A Guardian of Traditional Techniques


Don Ciro Adalberto Castro is lovingly referred to by Lula Mena as the guardian of traditional techniques. Trained on the foot loom at the age of 13 by his father, he was already an expert in this technique when he met Lula in 1999. However, as is the story for many artisans, he wasn’t able to survive on weaving alone. He would spend days creating traditional textiles and walk miles to the market to sell his wares. Some days he would sell a few items and some days he would sell none. Lula brought him new projects, designs and access to markets. Today Don Ciro has a workshop and he is able to support or employ his entire family. The day we visited his brother Francisco, sons Joel Alexander and Ervin, and daughter Sonja were hard at work.

In addition to being a master weaver, Don Ciro is also an 'engineer', having recently invented a collapsable (and thus portable) foot loom and decades ago creating a massive loom out of old bicycle parts. As well, he is a teacher who shares his knowledge with anyone interested in learning. When not at the loom, one can find him teaching students in public schools.

This story is not only about a weaver, it is also about an artisan who is reviving the traditional technique of natural indigo dying, one of the oldest dying methods in the world. During colonial times El Salvador’s main export was indigo, however this industry collapsed when the synthetic colour blue was created in Europe. In recent years indigo has experienced a revival because many synthetic dyes are azo dyes, which are carcinogenic. Indigo is a natural organic dye that is found to protect humans from mosquitos, snakes and ticks with its natural insect repellent qualities.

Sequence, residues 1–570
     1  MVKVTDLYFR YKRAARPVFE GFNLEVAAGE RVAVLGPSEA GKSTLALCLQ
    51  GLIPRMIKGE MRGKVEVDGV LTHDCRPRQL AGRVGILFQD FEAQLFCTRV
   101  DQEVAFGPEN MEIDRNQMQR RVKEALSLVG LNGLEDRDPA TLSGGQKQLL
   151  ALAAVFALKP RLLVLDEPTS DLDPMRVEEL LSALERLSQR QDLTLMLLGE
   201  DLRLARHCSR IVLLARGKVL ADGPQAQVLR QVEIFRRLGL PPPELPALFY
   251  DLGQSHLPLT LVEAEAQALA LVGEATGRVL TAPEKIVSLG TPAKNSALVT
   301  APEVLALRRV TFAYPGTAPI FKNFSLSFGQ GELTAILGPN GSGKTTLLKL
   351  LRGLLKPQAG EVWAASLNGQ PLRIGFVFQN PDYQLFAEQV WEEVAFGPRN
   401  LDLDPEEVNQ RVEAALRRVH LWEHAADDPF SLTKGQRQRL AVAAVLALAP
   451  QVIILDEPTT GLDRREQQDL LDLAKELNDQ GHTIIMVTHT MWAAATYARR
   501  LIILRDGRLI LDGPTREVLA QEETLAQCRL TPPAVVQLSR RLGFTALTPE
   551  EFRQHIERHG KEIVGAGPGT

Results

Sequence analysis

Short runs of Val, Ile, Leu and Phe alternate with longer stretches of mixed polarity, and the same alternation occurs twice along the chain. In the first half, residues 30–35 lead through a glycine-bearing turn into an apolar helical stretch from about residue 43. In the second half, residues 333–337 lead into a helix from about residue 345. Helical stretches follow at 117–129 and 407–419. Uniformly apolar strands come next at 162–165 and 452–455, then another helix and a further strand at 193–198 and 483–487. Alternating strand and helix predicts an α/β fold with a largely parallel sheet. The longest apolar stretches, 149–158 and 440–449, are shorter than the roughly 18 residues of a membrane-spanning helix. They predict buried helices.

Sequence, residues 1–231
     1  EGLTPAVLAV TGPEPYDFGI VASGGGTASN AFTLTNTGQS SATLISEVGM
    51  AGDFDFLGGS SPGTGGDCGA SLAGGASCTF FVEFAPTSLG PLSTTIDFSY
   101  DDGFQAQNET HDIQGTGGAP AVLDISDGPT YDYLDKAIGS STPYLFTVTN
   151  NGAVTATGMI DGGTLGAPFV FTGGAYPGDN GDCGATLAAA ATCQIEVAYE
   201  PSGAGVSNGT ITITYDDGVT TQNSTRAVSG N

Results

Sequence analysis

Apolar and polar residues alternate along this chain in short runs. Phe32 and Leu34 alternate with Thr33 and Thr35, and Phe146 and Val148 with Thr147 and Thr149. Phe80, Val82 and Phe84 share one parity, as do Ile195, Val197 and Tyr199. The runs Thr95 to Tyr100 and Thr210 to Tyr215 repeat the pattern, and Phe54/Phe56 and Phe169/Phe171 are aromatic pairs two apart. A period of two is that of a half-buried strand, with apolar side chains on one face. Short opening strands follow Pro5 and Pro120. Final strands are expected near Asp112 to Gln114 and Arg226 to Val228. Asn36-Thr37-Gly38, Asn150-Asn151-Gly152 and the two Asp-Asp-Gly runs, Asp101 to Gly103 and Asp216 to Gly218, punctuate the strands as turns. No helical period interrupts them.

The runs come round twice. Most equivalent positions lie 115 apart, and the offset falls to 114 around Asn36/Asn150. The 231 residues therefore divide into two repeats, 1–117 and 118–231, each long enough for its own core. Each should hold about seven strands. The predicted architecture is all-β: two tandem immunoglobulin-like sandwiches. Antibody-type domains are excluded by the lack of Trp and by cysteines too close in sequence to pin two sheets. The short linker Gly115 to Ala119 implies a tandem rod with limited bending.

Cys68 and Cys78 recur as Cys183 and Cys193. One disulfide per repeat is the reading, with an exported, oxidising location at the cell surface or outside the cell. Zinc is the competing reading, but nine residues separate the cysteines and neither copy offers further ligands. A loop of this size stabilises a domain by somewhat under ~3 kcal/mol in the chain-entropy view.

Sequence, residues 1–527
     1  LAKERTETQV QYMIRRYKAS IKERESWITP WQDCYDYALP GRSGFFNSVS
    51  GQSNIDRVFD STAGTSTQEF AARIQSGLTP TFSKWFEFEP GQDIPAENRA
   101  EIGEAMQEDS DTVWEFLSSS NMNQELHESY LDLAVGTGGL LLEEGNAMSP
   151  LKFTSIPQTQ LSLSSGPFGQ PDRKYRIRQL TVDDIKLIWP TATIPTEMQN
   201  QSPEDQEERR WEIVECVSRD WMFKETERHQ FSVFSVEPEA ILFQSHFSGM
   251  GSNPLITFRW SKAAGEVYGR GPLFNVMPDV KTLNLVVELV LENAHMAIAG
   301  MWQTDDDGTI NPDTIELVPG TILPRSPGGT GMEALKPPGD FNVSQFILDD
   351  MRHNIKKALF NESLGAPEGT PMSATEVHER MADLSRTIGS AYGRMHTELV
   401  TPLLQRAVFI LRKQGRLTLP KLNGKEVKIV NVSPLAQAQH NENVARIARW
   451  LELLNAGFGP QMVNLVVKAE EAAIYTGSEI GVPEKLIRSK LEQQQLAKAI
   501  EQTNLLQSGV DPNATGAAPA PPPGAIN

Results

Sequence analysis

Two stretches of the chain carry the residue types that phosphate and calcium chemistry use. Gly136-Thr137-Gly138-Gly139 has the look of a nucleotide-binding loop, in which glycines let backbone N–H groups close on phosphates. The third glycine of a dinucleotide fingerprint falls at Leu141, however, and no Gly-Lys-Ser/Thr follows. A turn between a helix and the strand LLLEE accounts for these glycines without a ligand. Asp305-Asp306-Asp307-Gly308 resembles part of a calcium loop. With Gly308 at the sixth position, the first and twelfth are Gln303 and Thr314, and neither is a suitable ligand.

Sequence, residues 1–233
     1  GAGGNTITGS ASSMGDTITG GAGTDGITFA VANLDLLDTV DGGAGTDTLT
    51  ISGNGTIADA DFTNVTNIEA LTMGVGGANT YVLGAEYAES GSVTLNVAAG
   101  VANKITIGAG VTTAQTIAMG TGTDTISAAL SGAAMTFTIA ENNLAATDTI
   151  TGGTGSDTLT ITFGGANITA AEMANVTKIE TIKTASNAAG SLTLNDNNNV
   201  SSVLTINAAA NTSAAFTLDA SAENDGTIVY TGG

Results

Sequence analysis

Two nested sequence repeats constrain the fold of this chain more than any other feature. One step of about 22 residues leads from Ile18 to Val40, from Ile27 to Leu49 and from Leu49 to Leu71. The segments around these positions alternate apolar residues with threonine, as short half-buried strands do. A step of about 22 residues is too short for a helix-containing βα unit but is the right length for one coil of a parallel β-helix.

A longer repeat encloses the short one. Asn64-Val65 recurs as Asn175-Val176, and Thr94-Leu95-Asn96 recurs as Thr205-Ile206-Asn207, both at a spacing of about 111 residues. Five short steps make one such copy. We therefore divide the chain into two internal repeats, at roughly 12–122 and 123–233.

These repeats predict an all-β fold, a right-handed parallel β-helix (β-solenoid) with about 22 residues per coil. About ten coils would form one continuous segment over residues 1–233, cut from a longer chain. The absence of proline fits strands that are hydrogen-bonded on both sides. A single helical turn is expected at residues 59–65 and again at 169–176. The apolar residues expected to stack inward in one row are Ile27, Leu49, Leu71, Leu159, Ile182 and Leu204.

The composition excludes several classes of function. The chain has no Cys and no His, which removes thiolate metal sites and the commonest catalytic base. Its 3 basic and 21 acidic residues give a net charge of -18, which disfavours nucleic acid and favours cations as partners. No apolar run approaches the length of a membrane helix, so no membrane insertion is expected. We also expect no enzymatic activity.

Indigo dying is a very long and complicated process. We'll try to keep this explanation simple. Indigo is extracted from a small plant called "Jiquilite". One must cut the vine of the plant at a specific moment in time, just before it blooms. The extraction is pure science. The leaves are fermented until eventually a small amount of indigo powder remains. When it's time to apply the indigo to fabric the indigo must be deprived of oxygen. The vat of liquid is green and when the fabric is first removed, it too is green. Once exposed to oxygen it becomes blue. We were fascinated as we watched the transformation. In order to achieve a deep blue, the fabric must be re-submerged into the vat a number of times. The whole process is very exact. 

 Learning the art of indigo dye application

Lula and Ciro have been working on reviving the indigo industry for almost 15 years. They've perfected the application of the dye and create a beautiful line of products. The textile is handcrafted by foot loom in Ciro's workshop and the dye is applied in the workshop as well. These products are gorgeous, well-made, all-natural pieces that embody the identity and history of El Salvadorian craft technique. 

To view our exclusive collection of Lula Mena Indigo products click here.


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